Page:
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Highland Park 30 Year Old

Average score from 11 reviews and 23 ratings 92

Highland Park 30 Year Old

Product details

  • Brand: Highland Park
  • Bottler: Distillery Bottling
  • ABV: 48.1%
  • Age: 30 year old

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Highland Park 30 Year Old

Four years ago I tried the Highland Park 30 Year old for the first time. I must say, it is a ‘happy-to-see-you-again’ moment. Back then I called it the best Highland Park I had tried so far and that still holds true (although the 2012 Amazing Cask from Malts of Scotland came very close).

Yes! That nose! Strike that. That Nose! Creamy and sweet on all kinds of dark and candied fruit – peach, apricots, sultana – with a good dollop of heather honey and a truckload of toffee. Add some brown sugar and beeswax, liquorice and milk chocolate. The whole if finished with some leather. This is simply magnificent and easily entertains you for a full 15 minutes. Delicious.

On the palate it is quasi creamy and immediately pleasantly sweet, but with a trace of salt and a touch of smoke. Mildly drying as well. Quite spicy. The fruit from the nose reappears, but is somewhat overpowered by the spices, unfortunately. Nevertheless, it remains a grand malt, do not worry!

You can easily call this a long finish, with sweet peat and dark fruit at the death.

This truly is a grand Highland Park, but unfortunately the price has become unreachable (to me, at least). I cannot afford 750 to 900 EUR for this bottle (it is not an Auchentoshan after all!).


Sweet smelling, nearly cloying, long lasting, hints of sherry, very balanced, consistent and intriguing. There is something earty, seaweed hits and salty(?) Hard to pick any particular flavours but will keep trying. Overall this feels refined, particularly due to the long smooth finish but perhaps I am not refined enough to nail the flavours but loved it.


The Highland Park 30 Year Old is considered to be one of the best whiskies produced on Orkney, but unfortunately costs about 435 EUR. I can only afford a miniature, but I do believe this is a good way to discover expensive whiskies.

Oh, God, what a great nose! Very creamy and sweet on honey and heather like we are used to from HP, but with loads of extras. In no particular order: brown sugar (cassonade graeffe), peach, beeswax, vanilla, liquorice, Orkney peat, milk chocolate, biscuit, mint, aniseed, toffee, apricots, leather, nutmeg. I could go on. I think the word complex was invented to describe this nose.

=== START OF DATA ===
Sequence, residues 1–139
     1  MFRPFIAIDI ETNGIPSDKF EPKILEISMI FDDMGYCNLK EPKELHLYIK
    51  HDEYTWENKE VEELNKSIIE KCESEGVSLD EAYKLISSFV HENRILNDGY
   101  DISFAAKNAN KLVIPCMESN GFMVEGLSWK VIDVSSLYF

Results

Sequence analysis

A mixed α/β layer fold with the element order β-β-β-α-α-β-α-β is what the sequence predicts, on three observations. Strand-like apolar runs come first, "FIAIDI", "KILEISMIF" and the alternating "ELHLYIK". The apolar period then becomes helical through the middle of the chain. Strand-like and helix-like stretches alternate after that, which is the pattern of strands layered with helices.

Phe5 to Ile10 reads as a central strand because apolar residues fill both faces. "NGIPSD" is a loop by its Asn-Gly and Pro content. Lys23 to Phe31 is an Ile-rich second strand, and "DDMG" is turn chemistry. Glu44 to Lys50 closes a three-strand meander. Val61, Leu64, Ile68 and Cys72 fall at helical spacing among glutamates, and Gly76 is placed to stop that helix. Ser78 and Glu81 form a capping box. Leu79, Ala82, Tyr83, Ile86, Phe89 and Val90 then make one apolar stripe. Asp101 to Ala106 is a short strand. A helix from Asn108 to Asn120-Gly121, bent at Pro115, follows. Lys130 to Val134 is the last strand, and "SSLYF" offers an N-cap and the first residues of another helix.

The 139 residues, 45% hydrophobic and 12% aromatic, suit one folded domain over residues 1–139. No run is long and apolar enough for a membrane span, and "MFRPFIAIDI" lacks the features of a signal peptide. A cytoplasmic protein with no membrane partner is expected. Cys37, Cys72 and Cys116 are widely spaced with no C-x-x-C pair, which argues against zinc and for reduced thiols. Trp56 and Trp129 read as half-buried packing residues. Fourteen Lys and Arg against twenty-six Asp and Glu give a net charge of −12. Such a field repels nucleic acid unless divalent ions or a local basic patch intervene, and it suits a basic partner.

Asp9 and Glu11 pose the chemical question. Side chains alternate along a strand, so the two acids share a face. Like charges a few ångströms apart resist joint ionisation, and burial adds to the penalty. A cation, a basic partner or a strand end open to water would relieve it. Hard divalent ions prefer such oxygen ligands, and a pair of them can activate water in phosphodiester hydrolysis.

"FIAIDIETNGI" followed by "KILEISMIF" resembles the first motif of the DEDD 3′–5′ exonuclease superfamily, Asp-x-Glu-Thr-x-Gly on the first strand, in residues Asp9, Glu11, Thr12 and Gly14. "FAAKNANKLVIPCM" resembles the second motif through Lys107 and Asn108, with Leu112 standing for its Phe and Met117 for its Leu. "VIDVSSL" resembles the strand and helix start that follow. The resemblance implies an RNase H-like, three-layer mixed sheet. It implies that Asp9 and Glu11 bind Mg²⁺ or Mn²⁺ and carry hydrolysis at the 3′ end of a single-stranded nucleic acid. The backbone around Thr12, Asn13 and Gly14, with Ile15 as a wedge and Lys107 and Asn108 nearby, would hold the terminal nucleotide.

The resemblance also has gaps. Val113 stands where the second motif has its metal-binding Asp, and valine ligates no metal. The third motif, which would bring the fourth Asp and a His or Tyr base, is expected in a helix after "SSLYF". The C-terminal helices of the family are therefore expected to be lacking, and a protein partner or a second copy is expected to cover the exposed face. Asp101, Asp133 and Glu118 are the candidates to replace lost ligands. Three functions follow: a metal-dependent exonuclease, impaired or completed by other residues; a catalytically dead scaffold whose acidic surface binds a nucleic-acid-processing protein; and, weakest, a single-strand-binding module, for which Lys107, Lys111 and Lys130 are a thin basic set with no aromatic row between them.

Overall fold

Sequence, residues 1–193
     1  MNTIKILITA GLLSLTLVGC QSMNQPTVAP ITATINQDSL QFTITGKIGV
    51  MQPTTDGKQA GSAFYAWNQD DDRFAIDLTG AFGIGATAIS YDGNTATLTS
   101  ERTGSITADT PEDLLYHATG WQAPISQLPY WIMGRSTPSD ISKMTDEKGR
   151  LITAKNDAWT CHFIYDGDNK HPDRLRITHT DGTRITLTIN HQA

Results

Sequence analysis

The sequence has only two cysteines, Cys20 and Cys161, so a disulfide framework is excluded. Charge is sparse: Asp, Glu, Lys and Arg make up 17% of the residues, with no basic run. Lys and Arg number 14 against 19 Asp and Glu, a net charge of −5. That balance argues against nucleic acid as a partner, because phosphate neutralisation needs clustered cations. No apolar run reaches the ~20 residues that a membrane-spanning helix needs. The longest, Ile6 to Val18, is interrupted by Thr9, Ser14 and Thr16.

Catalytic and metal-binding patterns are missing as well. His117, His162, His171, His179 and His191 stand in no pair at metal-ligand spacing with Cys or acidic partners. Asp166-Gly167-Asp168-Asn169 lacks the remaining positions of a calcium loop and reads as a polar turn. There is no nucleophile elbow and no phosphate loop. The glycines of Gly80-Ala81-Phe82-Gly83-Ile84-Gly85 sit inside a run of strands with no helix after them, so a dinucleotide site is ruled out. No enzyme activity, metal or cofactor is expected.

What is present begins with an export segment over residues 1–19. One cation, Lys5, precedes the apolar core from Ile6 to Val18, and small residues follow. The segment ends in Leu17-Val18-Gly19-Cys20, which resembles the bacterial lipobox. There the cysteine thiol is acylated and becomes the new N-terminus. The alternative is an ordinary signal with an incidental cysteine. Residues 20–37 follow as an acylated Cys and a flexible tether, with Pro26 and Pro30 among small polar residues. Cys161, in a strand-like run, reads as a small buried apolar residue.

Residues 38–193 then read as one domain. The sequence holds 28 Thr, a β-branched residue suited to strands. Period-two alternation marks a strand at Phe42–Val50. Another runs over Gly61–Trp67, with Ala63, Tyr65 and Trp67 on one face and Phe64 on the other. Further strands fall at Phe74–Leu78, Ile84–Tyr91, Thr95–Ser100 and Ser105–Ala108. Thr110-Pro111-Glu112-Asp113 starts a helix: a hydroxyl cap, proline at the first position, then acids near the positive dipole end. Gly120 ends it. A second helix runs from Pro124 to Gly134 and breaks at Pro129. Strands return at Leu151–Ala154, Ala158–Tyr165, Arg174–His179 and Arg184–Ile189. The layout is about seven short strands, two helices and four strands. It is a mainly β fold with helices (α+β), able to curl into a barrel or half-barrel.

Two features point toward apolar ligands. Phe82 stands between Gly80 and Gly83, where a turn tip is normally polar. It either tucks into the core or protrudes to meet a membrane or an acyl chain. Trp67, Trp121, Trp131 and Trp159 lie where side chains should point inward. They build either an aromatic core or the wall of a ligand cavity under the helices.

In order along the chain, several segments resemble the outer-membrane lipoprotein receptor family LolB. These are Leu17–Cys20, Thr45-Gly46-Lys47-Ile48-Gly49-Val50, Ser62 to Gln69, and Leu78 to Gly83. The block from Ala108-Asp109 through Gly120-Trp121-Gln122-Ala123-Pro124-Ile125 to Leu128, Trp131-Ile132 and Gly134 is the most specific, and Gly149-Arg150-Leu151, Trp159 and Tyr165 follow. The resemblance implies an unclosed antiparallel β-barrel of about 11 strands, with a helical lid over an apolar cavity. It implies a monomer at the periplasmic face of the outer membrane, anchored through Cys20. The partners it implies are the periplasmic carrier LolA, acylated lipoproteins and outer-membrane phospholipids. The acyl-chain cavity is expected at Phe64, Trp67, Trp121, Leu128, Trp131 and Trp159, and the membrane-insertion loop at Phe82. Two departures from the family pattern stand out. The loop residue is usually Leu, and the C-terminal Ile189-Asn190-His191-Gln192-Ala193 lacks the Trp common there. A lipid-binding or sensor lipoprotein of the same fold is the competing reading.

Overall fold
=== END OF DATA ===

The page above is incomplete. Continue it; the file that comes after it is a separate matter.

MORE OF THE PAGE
Very creamy on the palate with the same fruit as on the nose and more. Everything comes back and is upholstered with dried fruit like raisins and dades, but also figs and oranges. Make that orangettes. A great whiff of smoke and briny element. Yep, my night is made. The oak makes it slightly drying, but not disturbing in the least.

Wonderfully long finish op spices, peat and all the sweetness your heart desires.

Wow, the 18, 21, 25 and now the 30 Year Old. It keeps getting better. Unfortunately, this is the end of the line for me, for I cannot afford the 40 and 50 Year Old (hint, hint). This is certainly one of the best Highland Park I have had the good fortune to try.

@rigmarole, that's a good question, but it's a handle I created for another website ages ago which needed not only letters, but also at least one number. And it stuck with me ever since. And no, there is only one MarkJedi :-)

A very nice review. To me the 30 is the most complex, best balanced and most satisfying of the whole HP range up to that year. I much prefer it to the 25 I had, which was unfortunately a little tired. Not the 30! Full of life and flavor. And it has the balance and depth I find so missing in the 18.

Now if I had to be on a desert island with the HP 30 or the Talisker 30, which would I choose......?


I've tried quite a few HP distillery offerings over the past couple of years and have been looking forward with great anticipation to the 30 year bottled at 48.1%. This retails in London for about £230 with the 5cl available at £19. As one would expect this has a beautifully deep toffee honey colour and sits in the glass elegantly. I tried two drams with and without just a teaspoon of water.

On the nose I found, old oranges, cinnamon, pineapple and coconut, the body was thick and oily with a strong malt blast, tastes of deep oak and mahogany and bees wax with a surprisingly short but deep orange/marmalade finish. I left the second dram to sit for an hour added a drop of water which didn't really change the experience. I'm glad I tried this but this didn't really inspire me in anyway, I just felt I was drinking very old whisky. I still think the best HP's are the 16 yo and 18 yo's for balance, texture and finish. I'm glad I've tried this HP 30yo but for sure I would not rush to buy it at £230 per bottle, and in fact have tried (for me) far better and more inspiring Whiskies at £50-£70, Springbank 15/18yo's and Talisker 18yo immediately come to mind as excellent Whiskies.

Oldest and priciest are simply not always the best, but perhaps worth trying as part of ones's Whisky exploration.